Jeffrey Hermann, CEO of Hermann Services, Inc., has a business philosophy that looks outward, focusing as much on the community his trucking company serves as on the products it stores and transports.
“What we focus on,” said Hermann, who is an alumnus of the Rutgers Executive MBA (EMBA) Program, “is giving back to the community and creating an organization that prides itself on being able to share its profits and giving them back to those in need of help.”
Most recently, Hermann extended that focus to Rutgers Business School in the form of a new program that will select high-performing undergraduates and set them up for careers and leadership positions in the supply chain field.
Beginning in fall 2023, Road to Global Supply Chain Leadership will join the business school’s collection of Road to Success programs – Road to Wall Street, Road to CPA, Road to Silicon V/Alley, and Road to Consulting – bringing together a diverse set of motivated, committed, high-caliber students and offering them in-depth academic preparation, soft skills training, mentoring, certifications, and internships.
It was Hermann, a member of the dean’s board of advisors at Rutgers Business School, who came up with the idea for the program. He is also providing significant resources and serving as the lead donor, committing to four years of funding to support its launch and continued growth and success. He described the endeavor as “a different approach to giving back, creating opportunities for students and Rutgers Center for Supply Chain Management, and being part of something bigger.”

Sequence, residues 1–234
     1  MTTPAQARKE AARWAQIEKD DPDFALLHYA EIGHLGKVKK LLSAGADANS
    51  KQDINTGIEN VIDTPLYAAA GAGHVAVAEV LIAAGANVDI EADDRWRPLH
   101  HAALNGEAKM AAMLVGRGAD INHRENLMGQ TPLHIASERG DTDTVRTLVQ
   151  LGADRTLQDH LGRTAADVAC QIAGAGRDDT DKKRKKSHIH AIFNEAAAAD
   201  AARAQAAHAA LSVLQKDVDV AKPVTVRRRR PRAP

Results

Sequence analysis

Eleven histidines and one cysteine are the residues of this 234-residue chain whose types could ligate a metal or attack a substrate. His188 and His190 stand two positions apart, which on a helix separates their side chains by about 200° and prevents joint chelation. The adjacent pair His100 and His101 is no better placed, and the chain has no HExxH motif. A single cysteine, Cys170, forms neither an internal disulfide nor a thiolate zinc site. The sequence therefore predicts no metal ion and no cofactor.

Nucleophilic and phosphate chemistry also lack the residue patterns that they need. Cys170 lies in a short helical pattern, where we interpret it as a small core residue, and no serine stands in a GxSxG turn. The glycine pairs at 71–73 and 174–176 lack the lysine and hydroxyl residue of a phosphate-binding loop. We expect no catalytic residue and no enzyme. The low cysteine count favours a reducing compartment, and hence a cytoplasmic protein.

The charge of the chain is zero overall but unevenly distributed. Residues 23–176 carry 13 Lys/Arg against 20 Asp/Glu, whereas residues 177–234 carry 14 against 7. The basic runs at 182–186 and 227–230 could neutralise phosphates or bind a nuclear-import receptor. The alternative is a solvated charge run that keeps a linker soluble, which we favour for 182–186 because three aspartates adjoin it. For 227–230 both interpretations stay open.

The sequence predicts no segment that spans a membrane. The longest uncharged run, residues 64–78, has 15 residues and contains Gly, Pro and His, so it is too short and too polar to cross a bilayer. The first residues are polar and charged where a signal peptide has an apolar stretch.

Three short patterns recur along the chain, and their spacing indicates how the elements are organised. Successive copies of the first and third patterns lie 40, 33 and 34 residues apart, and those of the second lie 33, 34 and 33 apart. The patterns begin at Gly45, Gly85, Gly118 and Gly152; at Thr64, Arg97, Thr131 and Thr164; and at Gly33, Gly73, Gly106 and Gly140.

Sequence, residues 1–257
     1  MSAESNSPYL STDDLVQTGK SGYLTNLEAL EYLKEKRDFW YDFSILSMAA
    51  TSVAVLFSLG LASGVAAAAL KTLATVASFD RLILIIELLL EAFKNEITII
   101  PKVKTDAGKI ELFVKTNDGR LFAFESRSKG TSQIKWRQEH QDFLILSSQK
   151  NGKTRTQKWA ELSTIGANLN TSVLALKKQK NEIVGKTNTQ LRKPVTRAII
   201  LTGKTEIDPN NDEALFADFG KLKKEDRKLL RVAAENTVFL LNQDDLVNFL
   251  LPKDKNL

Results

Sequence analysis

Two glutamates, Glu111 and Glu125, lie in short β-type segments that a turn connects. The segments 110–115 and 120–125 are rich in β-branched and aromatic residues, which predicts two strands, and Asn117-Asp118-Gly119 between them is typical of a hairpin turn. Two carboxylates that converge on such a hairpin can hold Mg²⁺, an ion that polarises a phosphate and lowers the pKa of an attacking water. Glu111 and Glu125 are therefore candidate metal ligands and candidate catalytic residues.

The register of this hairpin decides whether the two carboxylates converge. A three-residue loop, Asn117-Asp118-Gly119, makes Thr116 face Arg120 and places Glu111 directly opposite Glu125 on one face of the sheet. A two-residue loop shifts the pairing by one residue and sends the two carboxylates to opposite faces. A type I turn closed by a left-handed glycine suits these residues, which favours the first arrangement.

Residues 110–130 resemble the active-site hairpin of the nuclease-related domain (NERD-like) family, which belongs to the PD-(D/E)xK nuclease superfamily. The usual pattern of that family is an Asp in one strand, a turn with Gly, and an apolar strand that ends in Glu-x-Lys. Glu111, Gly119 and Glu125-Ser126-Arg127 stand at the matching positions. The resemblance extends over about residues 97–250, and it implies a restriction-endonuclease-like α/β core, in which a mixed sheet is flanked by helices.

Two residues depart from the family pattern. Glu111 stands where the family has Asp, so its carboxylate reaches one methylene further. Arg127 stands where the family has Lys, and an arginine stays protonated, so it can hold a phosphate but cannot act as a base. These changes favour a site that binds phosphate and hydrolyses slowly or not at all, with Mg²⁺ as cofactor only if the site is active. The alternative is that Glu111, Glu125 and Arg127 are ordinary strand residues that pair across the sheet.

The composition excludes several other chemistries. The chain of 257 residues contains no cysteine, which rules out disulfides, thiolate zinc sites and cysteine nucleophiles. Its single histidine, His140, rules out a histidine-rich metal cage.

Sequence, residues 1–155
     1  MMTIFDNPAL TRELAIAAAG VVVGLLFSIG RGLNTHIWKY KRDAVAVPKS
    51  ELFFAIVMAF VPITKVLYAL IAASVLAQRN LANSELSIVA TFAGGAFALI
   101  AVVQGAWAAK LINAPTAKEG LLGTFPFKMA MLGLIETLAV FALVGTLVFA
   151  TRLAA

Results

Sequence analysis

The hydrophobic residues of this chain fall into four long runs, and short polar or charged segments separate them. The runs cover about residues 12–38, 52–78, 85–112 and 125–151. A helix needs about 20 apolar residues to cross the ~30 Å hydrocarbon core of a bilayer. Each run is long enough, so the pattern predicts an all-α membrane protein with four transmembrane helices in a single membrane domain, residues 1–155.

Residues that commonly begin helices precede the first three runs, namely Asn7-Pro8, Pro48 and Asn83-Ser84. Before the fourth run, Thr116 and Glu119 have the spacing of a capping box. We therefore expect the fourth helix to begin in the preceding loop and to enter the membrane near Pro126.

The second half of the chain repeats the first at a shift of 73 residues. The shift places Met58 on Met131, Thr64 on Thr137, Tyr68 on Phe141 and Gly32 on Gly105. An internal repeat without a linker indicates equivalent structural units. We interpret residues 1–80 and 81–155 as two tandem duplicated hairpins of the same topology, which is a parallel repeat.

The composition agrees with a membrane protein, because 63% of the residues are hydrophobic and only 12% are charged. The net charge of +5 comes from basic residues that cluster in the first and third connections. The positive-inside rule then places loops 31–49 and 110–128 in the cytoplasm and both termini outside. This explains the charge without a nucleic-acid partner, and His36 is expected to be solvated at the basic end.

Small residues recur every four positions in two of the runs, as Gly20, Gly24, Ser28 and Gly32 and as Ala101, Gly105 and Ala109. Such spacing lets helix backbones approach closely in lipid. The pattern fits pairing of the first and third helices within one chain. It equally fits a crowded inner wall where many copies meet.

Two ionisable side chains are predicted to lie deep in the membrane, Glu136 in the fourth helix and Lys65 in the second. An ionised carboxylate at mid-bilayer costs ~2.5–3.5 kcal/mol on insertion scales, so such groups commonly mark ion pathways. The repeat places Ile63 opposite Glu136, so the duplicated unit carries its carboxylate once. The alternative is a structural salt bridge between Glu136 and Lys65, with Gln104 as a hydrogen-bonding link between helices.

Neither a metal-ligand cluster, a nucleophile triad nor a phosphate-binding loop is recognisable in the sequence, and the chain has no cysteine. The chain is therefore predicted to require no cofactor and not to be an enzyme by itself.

As a leader in the supply chain industry, Hermann expects that Road to Global Supply Chain Leadership will help develop a future workforce equipped to rise to whatever challenges the economy presents. He also envisions it further expanding Rutgers Business School’s reputation and reach and, on a personal level, as a way to stay connected with the academic community (“You never stop learning,” he said.) Most of all, though, he sees it as an opportunity to help deserving students advance their careers.
One of the drivers of the program, Hermann notes, is his deep esteem for the leaders of the business school.
As for the program he’s funding, Hermann’s hope is that, year after year, it can expand its reach. The Road to Global Supply Chain Leadership will launch with 25 students. He envisions that number increasing, over time, to 200 or more. Hermann anticipates it becoming the basis for a network that will remain fruitful long after participants in the program have graduated. And he foresees those graduates “landing jobs where they’re making a difference.”
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